Break away stirrups help - The Horse Forum

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post #1 of 32 Old 03-19-2012, 05:51 PM Thread Starter
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Break away stirrups help

I'm thinking about buying a pair of safety stirrups after being dragged a short distance last fall. Has anyone used these and give me some reccomdations how they like them, and what brands they are.
Thanks!
Frank
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post #2 of 32 Old 03-19-2012, 05:59 PM
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Welcome to the forum, Frank.

English or Western?

I'm not arguing with you, I'm just explaining why I'm right.

Nothing sucks more than that moment during an argument when you realize you're wrong.


It's not always what you say but what they hear.
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post #3 of 32 Old 03-19-2012, 06:11 PM Thread Starter
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Thank you, Western
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post #4 of 32 Old 03-19-2012, 07:12 PM
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Frank, do you ride with your feet home in the stirrups?
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post #5 of 32 Old 03-19-2012, 07:15 PM
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Wear cowboy boots with a good high heel or buy a set of tapaderos. They limit how far the foot can go in the stirrup.
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post #6 of 32 Old 03-19-2012, 07:37 PM
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Originally Posted by Saddlebag View Post
Wear cowboy boots with a good high heel or buy a set of tapaderos. They limit how far the foot can go in the stirrup.
I'm going to fundamentally disagree.

While both equipment "solutions" will reduce the chance of getting hung up, the best solution is to train yourself to NEVER place your foot in the stirrup past the ball of the foot. That's even more important with western saddles, where the stirrups are attached to relatively inflexible (compared to english stirrup leathers) fenders.

None of my boots have a heel taller than an inch. But they never go in the irons any farther than the ball of the foot.
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post #7 of 32 Old 03-19-2012, 09:00 PM
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Of course , the OP probably already knows not to put his foot in so far. But, he has already lucked out once in being dragged and still here to talk about it. There may be all kind of circumstances adding to this. I applaud him for being proactive and looking for safety release stirrups. He can still work on improving his foot placement.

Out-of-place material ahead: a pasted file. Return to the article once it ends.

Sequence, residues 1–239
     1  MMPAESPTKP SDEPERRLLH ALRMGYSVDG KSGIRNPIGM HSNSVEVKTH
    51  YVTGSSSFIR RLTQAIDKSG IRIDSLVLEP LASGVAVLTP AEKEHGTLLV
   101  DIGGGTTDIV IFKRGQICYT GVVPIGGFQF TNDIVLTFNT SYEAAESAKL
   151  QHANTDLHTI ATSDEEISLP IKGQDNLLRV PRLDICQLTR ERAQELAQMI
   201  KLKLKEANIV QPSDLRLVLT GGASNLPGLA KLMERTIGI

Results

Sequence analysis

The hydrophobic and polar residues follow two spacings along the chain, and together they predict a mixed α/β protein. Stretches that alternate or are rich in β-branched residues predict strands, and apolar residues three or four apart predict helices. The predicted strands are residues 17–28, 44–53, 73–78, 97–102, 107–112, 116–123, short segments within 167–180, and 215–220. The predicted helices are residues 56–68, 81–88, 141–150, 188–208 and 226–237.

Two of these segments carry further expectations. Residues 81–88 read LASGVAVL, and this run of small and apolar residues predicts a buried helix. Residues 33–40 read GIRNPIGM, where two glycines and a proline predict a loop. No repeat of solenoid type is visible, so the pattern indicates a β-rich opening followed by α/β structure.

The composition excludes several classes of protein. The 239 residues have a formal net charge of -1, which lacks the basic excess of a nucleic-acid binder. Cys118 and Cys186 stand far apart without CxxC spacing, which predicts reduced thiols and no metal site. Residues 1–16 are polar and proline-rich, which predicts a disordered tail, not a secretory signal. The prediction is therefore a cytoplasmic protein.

I know not to put my feet in too far, but from time to time, something may happen where you get "jostled" enough to lose that placement and your foot can go too deep at just the wrong time. I know this happends to me from time to time.
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post #8 of 32 Old 03-19-2012, 09:22 PM
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Of course , the OP probably already knows not to put his foot in so far.
Many western riders think nothing of jamming their feet all the way in. Hence my question.
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post #9 of 32 Old 03-19-2012, 10:13 PM
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STI Horse Safety with Breakaway Stirrups by Saddle Technology Incorporated - Mike McCoy

Here are some western breakaways. I'm going to consider these when I finally get a horse. I don't know anything about them or how good they are. But I don't see how having breakaway stirrups could hurt as long as a person was taking other precautions as well and not relying solely on the the stirrups actually breaking.

As mentioned, keeping your foot no further than the ball, having a heel on your boot are important.
Another thing is not having super grippy rubber soles with a western stirrup. I had thicker rubber soles when I rode english. But now, I wear boots with a very thin rubber sole. A leather sole is good too.
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post #10 of 32 Old 03-20-2012, 04:16 AM
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Originally Posted by Heelsdown View Post
STI Horse Safety with Breakaway Stirrups by Saddle Technology Incorporated - Mike McCoy

Here are some western breakaways. I'm going to consider these when I finally get a horse. I don't know anything about them or how good they are. But I don't see how having breakaway stirrups could hurt as long as a person was taking other precautions as well and not relying solely on the the stirrups actually breaking.

As mentioned, keeping your foot no further than the ball, having a heel on your boot are important.
Another thing is not having super grippy rubber soles with a western stirrup. I had thicker rubber soles when I rode english. But now, I wear boots with a very thin rubber sole. A leather sole is good too.
320 to 500 HUNDRED DOLLARS for a set of basic stirrups ? Somebody is seriously smoking crack.
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